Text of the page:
'Truth spoken without moderation reverses itself'
This blog is a source for intellectual exploration. It includes a list of alternative resources and a source of free books. The placement of an article does not imply that I agree with it, merely that I found it thought-provoking. There are also poems and book reviews. Texts written by me are labelled. Readers are free to re-post anything they like.
Monday, June 16, 2014
Robert Fisk: The old partition of the Middle East is dead. I dread to think what will follow // Dennis J. Kucinich - Stop Calling the Iraq War a 'Mistake'
NB -British imperialism was an expert at partitioning countries and regions as a means of extending its control - especially during its declining years. So it was in Ireland, Palestine, Arabia and India. (Read more about the controversies surrounding India's partition here and here.) Partitions were always followed by mass population expulsions, about which even Lord Curzon, ex Viceroy of India, and Britain’s
Secretary for Foreign Affairs between 1919 and 1924, is quoted as saying that 'the driving out of
peoples is a thoroughly bad and vicious solution, for which the world will
pay a heavy penalty for a hundred years to come’. He was referring to the expulsions that followed the Turkish-Greek agreement of 1923, but the phenomenon itself was to be repeated many times in the oncoming decades, and he was right. A century after World War One, or the Great War, the world is still threatened by its aftermath. The Sykes-Picot Agreement of 1916 is one imperial master plan whose ramifications Fisk is referring to here - DS
“Sykes-Picot is dead,” Walid Jumblatt roared at me last night – and he may well be right.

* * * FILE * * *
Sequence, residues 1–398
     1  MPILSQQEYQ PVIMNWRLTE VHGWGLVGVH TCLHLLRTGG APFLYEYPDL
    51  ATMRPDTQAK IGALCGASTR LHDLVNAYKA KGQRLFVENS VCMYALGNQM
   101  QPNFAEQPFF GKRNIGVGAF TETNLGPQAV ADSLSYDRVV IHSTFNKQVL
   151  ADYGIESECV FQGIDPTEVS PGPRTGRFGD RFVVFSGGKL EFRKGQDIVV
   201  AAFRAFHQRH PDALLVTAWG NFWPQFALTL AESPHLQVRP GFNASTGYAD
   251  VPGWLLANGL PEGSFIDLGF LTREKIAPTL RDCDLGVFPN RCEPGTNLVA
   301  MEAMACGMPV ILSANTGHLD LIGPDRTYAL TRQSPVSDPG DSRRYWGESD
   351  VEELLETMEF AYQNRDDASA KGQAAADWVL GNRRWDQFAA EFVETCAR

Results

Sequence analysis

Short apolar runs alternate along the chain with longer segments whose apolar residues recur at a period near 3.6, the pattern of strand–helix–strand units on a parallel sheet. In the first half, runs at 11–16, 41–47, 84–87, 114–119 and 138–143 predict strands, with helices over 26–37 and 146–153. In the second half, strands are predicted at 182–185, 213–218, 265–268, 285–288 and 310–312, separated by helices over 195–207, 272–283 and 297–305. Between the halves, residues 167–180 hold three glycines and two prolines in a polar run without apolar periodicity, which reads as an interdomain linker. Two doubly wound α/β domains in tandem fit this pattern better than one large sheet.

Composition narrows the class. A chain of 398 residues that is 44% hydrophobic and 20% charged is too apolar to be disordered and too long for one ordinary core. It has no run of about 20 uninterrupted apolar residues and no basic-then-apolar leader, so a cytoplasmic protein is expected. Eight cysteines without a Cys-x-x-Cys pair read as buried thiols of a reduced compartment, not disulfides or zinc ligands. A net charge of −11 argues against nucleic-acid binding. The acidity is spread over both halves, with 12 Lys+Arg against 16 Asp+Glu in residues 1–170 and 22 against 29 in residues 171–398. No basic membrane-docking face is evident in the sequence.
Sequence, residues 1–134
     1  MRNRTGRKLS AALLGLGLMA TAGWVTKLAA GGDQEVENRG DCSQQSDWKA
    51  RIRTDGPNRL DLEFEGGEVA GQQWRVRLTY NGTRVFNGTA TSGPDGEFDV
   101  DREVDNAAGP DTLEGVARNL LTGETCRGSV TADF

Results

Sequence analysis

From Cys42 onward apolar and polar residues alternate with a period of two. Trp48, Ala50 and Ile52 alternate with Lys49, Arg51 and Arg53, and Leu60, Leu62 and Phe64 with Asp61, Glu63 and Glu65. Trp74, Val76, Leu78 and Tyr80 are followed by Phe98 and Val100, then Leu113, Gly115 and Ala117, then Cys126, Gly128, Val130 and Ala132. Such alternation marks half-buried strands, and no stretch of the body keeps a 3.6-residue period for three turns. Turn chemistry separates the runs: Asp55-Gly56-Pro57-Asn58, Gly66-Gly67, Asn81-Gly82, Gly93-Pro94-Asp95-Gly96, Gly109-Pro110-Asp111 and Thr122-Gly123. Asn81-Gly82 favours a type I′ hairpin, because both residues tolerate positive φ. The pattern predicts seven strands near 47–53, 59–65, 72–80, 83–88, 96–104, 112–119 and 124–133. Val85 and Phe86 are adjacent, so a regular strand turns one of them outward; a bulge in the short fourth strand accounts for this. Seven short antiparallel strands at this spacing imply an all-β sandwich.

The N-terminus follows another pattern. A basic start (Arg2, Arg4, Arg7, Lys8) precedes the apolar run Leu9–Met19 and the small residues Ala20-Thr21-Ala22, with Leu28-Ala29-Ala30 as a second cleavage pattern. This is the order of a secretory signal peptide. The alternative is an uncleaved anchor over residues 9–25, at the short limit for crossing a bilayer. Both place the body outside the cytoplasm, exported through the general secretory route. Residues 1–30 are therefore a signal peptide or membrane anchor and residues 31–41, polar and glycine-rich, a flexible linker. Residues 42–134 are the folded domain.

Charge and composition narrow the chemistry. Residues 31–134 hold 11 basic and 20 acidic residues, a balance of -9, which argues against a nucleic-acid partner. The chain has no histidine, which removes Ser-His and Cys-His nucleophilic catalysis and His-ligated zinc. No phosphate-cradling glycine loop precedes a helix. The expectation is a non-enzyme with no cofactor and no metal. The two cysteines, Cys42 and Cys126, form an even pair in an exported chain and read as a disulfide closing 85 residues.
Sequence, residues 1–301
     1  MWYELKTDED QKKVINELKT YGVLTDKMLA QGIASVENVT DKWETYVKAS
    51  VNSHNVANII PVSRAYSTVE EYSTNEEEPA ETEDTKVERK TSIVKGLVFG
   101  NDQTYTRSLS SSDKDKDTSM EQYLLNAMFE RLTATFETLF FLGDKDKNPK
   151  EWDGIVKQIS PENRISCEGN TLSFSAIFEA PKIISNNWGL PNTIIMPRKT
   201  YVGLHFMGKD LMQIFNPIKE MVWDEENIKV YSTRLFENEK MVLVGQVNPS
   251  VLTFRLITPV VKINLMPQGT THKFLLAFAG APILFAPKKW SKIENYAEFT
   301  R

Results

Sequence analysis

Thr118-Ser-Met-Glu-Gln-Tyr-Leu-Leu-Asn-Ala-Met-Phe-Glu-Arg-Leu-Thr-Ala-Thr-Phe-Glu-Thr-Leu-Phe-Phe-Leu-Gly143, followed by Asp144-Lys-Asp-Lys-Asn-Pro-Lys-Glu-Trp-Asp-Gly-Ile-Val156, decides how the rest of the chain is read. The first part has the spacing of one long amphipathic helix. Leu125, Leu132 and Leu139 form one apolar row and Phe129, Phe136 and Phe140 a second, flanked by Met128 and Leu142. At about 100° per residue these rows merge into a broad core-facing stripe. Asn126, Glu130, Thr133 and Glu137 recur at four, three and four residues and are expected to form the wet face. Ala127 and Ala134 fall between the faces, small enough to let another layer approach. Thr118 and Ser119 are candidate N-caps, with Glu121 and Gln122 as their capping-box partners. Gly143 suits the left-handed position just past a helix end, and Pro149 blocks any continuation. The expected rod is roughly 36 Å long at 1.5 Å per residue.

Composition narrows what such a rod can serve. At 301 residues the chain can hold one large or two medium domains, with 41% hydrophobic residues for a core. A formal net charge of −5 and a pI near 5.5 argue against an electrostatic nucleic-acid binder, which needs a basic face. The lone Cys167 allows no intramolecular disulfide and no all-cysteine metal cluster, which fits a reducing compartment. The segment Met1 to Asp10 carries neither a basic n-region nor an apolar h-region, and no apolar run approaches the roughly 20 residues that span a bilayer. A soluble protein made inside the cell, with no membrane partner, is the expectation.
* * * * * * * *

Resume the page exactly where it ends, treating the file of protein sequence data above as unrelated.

The Lebanese Druze leader – who fought in a 15-year civil war that redrew the map of Lebanon – believes that the new battles for Sunni Muslim jihadi control of northern and eastern Syria and western Iraq have finally destroyed the post-World War Anglo-French conspiracy, hatched by Mark Sykes and François Picot, which divided up the old Ottoman Middle East into Arab statelets controlled by the West. The Islamic Caliphate of Iraq and Syria has been fought into existence – however temporarily – by al-Qa’ida-affiliated Sunni fighters who pay no attention to the artificial borders of Syria, Iraq, Lebanon or Jordan, or even mandate Palestine, created by the British and French. Their capture of the city of Mosul only emphasises the collapse of the secret partition plan which the Allies drew up in the First World War – for Mosul was sought after for its oil wealth by both Britain and France.
The entire Middle East has been haunted by the Sykes-Picot agreement, which also allowed Britain to implement Foreign Secretary Arthur Balfour’s 1917 promise to give British support to the creation of a Jewish “homeland” in Palestine. Perhaps only today’s Arabs (and Israelis) fully understand the profound historical changes – and deep political significance – that the extraordinary battles of this past week have wrought on the old colonial map of the Middle East. The collapsing Ottoman Empire of 1918 was to be split into two on a north-east, south-west axis which would run roughly from near Kirkuk – today under Kurdish control – across from Mosul in northern Iraq and the Syrian desert and through what is now the West Bank to Gaza.
Mosul was initially given to the French – its oil surrendered by the British in return for what would become a French buffer zone between Britain and the Russian Caucasus, Baghdad and Basra being safe in British hands below the French lines. But growing British commercial desires for oil took over from imperial agreements. Mosul was configured into the British zone inside the new state of Iraq (previously Mesopotamia), its oil supplies safely in the hands of London. Iraq, Trans- jordan and Palestine were under British mandatory control, Syria and Lebanon under the French mandate.